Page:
This is interesting: the Ecological Society of America Annual Meeting is going to include “Ignite” sessions. These are 1 hour sessions comprised of 5-minute talks on a common theme. Each talk has to have exactly 20 slides, which advance automatically every 15 seconds. There’s no time for questions after each talk. Instead, there’s a space nearby where presenters will gather after the session to interact with session attendees. For more on Ignite talks, including videos of them, go here.
I first heard of these talks from Rees Kassen, who gave such a talk at a global leadership conference in China a couple of years ago. As Rees put it to me, the idea of Ignite talks is basically to avoid “death by PowerPoint”. And although typical science conference talks aren’t nearly as deadly as, say, typical business presentations, I can certainly see a place for Ignite talks at the ESA meeting.
Obviously, Ignite talks are totally different from regular ESA talks. All you have time to do in an Ignite talk is give people the essence of one idea, and it has to be an idea that you can get across in a compelling way with slides that can be digested visually in 15 seconds each. That doesn’t mean you can’t have any data slides at all, but they’d have to be single-panel and instantly interpretable. And while I do think you want to coordinate your words and your slides to some extent–I don’t think you’d just want to talk for five minutes while random pretty pictures scrolled by behind you–there’s no way you can say one 15-second sentence about each slide. And while you obviously can’t go into any depth or technical detail on anything, I do think you need to somehow avoid being totally superficial. I think five minutes of empty platitudes illustrated by pretty pictures of your study organism would fall flat. One way to think of an Ignite talk is as an “elevator pitch”, designed to encourage people to come talk to you afterwards (the post-session interaction between speakers and audience is a key part of the whole “Ignite” idea).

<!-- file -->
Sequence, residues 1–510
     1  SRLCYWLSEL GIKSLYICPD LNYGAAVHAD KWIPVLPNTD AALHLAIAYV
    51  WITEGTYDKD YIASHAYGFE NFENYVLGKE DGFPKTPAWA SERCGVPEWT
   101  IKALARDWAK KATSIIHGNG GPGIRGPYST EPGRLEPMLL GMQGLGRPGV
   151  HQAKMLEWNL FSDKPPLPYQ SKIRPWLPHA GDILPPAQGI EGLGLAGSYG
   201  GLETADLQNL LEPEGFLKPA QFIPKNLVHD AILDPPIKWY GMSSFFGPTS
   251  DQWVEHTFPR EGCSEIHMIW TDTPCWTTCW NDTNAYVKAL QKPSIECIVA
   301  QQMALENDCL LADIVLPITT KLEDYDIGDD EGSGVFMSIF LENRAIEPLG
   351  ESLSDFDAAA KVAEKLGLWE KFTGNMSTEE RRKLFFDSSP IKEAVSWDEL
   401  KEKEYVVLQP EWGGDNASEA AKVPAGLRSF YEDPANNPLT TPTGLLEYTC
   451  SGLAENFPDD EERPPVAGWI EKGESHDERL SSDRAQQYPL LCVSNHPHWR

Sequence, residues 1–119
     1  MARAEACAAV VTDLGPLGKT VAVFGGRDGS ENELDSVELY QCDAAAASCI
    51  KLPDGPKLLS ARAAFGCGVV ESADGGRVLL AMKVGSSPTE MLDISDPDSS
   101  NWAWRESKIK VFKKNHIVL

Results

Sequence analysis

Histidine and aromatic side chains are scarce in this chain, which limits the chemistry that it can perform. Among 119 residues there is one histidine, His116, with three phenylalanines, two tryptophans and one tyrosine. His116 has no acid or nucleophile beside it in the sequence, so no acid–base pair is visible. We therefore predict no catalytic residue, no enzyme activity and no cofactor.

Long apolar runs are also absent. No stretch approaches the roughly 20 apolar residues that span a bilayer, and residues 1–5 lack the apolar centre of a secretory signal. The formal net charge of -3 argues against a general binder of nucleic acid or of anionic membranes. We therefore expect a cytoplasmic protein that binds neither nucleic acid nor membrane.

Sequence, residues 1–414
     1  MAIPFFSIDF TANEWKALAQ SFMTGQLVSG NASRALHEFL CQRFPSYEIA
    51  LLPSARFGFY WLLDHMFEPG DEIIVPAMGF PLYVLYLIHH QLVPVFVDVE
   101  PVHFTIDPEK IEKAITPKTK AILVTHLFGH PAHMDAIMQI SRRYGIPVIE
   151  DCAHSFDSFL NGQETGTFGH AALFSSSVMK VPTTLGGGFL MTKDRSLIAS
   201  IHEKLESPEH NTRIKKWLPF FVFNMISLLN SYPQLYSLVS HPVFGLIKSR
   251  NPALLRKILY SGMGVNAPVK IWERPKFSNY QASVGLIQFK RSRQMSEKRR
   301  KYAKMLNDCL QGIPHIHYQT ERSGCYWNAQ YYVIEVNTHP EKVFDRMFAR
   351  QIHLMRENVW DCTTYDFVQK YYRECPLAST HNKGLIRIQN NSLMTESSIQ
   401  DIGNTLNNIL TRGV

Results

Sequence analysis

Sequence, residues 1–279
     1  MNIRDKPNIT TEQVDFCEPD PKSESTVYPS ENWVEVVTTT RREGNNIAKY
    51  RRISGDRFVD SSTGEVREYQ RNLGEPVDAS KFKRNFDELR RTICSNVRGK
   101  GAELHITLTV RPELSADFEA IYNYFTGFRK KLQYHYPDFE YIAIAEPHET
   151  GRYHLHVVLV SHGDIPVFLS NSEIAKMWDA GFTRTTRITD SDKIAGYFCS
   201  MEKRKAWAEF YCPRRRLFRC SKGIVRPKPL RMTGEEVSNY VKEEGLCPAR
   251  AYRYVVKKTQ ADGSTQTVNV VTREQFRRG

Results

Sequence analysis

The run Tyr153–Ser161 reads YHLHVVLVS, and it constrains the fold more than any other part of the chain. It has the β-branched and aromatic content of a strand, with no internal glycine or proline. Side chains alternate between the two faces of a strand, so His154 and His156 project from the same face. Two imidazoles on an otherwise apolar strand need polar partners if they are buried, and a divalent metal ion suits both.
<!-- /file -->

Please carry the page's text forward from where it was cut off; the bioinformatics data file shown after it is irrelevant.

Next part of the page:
In a way, I think these Ignite talks are to regular talks as Nature and Science papers are to regular papers.* For both, I think you need a single big, interesting idea, presented in a really incisive way that gets to the heart of the matter. Although I could also see using Ignite talks in other ways, for instance to announce to the world that you’re forming a working group or something and are looking for data sources and collaborators.
Scheduling of Ignite sessions is TBD, depending on the level of interest (note that you can give a regular talk in addition to an Ignite talk). Here’s my suggestion: put them on Monday morning! (unless the ESA is going to implement my suggestion to start the regular talks on Monday morning) I could see a few Ignite sessions being a really fun way to kick off the meeting.
To gauge interest, the ESA has put out a call for proposals for Ignite sessions. So you can’t just sign up to do an Ignite talk yourself–you need to come up with a topic, write a short proposal, and line up 8-10 speakers, much as with symposium proposals. Deadline for proposals is November 29.
Hmm, what to propose?…
*Or at least, how Nature and Science papers used to be to regular papers. Nature and Science papers used to be very different than regular papers–they told simple, clear-cut, and above all incisive stories. Nowadays, they often just function as extended abstracts for dozens of pages of online supplementary material. This is not an improvement. Yes, I am old and grouchy–so what?! Get off my lawn!